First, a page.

Physical gas for Wednesday delivery staged a modest but broad advance in Tuesday's trading. The gains were led by multi-dollar advances in New England points, but the Mid-Atlantic, Rockies and California were firm as well.
Only a handful of scattered locations fell into the loss column. A combination of rain turning to snow was forecast for the Northeast, although temperatures were not expected to deviate much from seasonal norms. Strong next-day power pricing also led to the appeal of incremental gas purchases at eastern points. At the close of futures trading, January had risen 5.7 cents to $3.652 and February was higher by 5.8 cents to $3.681. January crude oil gained 77 cents to $63.82/bbl.
New England saw the day's biggest moves as a cold, wet forecast combined with strong power prices to keep the market well bid.
IntercontinentalExchange reported that peak power Wednesday at ISO New England's Massachusetts Hub rose $8.07 to $58.63/MWh and next-day peak power at the New York ISO's Zone G (eastern New York) delivery point added $4.00 to $47.00. Across the broad PJM footprint, next-day peak power settled at $44.05, up 80 cents.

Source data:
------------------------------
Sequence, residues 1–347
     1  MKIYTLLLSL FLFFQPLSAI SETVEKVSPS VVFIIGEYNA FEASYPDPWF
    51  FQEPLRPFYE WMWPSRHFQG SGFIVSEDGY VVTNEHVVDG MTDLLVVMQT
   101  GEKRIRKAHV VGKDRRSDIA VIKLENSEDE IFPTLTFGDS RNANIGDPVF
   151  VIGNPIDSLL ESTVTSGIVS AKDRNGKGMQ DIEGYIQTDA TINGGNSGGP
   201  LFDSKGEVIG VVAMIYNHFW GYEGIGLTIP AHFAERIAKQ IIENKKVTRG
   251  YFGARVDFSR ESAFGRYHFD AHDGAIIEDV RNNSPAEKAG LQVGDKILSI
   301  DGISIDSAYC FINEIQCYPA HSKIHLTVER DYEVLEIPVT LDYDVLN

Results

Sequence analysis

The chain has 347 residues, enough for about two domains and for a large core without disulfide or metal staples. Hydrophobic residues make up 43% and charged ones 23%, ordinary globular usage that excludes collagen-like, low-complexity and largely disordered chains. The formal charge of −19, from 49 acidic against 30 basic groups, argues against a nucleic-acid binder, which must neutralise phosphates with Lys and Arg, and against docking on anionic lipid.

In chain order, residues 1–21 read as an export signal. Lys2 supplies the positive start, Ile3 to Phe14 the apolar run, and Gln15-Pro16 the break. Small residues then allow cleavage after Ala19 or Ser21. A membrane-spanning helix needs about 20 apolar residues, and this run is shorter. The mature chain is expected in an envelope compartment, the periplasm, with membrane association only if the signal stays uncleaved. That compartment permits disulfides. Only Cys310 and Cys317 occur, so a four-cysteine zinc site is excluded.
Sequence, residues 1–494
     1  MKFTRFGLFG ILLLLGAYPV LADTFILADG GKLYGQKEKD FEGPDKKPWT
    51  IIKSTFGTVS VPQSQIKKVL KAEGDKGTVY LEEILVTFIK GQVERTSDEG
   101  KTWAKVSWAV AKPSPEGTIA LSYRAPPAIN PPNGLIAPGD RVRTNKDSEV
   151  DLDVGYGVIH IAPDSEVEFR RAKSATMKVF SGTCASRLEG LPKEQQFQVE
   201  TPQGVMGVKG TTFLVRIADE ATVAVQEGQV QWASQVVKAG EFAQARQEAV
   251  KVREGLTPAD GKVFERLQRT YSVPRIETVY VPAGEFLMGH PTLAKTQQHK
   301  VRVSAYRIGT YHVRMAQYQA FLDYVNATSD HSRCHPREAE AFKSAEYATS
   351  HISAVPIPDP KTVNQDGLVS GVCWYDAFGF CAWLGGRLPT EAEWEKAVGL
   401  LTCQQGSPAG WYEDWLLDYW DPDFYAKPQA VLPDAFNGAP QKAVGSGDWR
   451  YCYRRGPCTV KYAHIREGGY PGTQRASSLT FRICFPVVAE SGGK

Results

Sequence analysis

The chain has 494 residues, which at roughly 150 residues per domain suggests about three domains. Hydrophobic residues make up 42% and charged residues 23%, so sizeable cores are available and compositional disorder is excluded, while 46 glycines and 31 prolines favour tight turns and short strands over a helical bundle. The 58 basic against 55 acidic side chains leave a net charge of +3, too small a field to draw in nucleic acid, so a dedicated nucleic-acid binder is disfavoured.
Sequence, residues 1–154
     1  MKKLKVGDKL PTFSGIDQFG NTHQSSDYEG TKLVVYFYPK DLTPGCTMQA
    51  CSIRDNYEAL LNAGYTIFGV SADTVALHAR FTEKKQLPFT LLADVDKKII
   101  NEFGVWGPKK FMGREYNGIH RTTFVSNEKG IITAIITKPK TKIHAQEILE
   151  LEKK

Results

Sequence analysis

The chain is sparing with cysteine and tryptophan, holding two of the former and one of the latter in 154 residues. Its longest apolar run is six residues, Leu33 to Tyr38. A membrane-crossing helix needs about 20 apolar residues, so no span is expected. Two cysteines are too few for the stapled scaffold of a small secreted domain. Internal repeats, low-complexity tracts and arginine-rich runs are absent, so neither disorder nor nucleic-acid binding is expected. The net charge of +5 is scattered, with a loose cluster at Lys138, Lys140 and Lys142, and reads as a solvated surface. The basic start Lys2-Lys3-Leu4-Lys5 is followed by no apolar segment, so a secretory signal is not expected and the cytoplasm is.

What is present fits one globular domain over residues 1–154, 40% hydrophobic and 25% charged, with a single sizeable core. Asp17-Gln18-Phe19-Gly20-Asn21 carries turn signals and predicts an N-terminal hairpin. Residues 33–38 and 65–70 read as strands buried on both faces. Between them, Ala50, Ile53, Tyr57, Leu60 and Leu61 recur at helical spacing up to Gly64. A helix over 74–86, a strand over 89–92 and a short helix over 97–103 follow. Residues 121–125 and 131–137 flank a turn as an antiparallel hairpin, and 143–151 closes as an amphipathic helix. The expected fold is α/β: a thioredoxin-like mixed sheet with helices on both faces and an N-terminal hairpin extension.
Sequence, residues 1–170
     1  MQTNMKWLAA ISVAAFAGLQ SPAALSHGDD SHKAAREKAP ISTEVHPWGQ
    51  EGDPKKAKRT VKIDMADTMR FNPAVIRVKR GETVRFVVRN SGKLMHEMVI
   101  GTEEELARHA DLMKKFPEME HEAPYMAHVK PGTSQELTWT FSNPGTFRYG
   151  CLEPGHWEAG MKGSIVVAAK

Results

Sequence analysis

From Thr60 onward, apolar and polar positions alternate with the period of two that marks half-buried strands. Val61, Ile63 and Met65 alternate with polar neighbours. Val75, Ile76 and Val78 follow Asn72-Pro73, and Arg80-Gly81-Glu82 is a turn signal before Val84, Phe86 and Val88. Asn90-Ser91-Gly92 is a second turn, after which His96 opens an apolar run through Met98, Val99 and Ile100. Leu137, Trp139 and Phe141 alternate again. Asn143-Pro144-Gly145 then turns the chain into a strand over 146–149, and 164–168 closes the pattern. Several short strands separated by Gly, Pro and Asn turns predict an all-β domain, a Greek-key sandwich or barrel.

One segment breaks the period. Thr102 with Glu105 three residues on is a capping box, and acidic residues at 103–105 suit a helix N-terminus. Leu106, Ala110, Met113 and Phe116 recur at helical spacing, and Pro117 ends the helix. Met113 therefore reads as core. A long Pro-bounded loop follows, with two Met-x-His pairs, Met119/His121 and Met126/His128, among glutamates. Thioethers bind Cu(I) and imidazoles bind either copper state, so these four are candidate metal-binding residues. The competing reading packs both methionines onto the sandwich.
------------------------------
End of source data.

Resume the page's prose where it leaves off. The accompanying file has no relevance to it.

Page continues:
Parcels at the Algonquin Citygates jumped $1.85 to $6.91, and deliveries to Iroquois Waddington added 18 cents to $4.22. On Tennessee Zone 6 200 L, next-day packages changed hands at $6.89, up $2.16.
Gas headed for New York City on Transco Zone 6 rose 35 cents to $4.07, but parcels on Tetco M-3 were up 2 cents at $3.47.
Gas deliveries across Appalachia and the Marcellus came in mixed. Wednesday gas on Millennium added 3 cents to $2.77, but gas on Transco Leidy retreated 12 cents to $2.17. On Tennessee Zone 4 Marcellus next-day parcels were seen at $2.13, up 2 cents, and on Dominion South next-day deliveries slipped 4 cents to $2.99.
Temperatures across the areas expected to be hit by the storms held pretty close to normal. AccuWeather.com predicted Boston's Tuesday high of 47 would ease to 44 Wednesday and Thursday, 1 degree above normal. Albany, NY's high of 36 Tuesday was forecast to rise to 37 Wednesday and ease to 35 Thursday. The seasonal high in Albany is 38. Hanover, NH's 36 high on Tuesday was anticipated to rise to 38 Wednesday and decline to 37 on Thursday. The normal high in Hanover in early December is 37.